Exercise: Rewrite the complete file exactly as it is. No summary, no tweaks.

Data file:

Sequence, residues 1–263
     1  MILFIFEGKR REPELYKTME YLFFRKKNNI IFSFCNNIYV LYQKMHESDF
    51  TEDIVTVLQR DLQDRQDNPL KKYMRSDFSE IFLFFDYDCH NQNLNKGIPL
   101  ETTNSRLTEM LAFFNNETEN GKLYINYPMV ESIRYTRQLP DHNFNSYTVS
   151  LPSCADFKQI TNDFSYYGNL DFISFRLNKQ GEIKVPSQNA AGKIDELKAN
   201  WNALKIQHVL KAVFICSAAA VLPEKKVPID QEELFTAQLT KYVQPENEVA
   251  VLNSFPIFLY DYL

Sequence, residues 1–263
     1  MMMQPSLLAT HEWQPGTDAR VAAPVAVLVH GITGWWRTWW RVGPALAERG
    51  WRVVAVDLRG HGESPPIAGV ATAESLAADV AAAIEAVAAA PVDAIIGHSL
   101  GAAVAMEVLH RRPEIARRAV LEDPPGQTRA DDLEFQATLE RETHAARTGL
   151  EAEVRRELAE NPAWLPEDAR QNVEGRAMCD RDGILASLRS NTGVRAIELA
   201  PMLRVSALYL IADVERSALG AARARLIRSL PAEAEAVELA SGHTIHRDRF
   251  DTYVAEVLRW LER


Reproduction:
Sequence, residues 1–263
     1  MILFIFEGKR REPELYKTME YLFFRKKNNI IFSFCNNIYV LYQKMHESDF
    51  TEDIVTVLQR DLQDRQDNPL KKYMRSDFSE IFLFFDYDCH NQNLNKGIPL
   101  ETTNSRLTEM LAFFNNETEN GKLYINYPMV ESIRYTRQLP DHNFNSYTVS
   151  LPSCADFKQI TNDFSYYGNL DFISFRLNKQ GEIKVPSQNA AGKIDELKAN
   201  WNALKIQHVL KAVFICSAAA VLPEKKVPID QEELFTAQLT KYVQPENEVA
   251  VLNSFPIFLY DYL

Sequence, residues 1–263
     1  MMMQPSLLAT HEWQPGTDAR VAAPVAVLVH GITGWWRTWW RVGPALAERG
    51  WRVVAVDLRG HGESPPIAGV ATAESLAADV AAAIEAVAAA PVDAIIGHSL
   101  GAAVAMEVLH RRPEIARRAV LEDPPGQTRA DDLEFQATLE RETHAARTGL
   151  EAEVRRELAE NPAWLPEDAR QNVEGRAMCD RDGILASLRS NTGVRAIELA
   201  PMLRVSALYL IADVERSALG AARARLIRSL PAEAEAVELA SGHTIHRDRF
   251  DTYVAEVLRW LER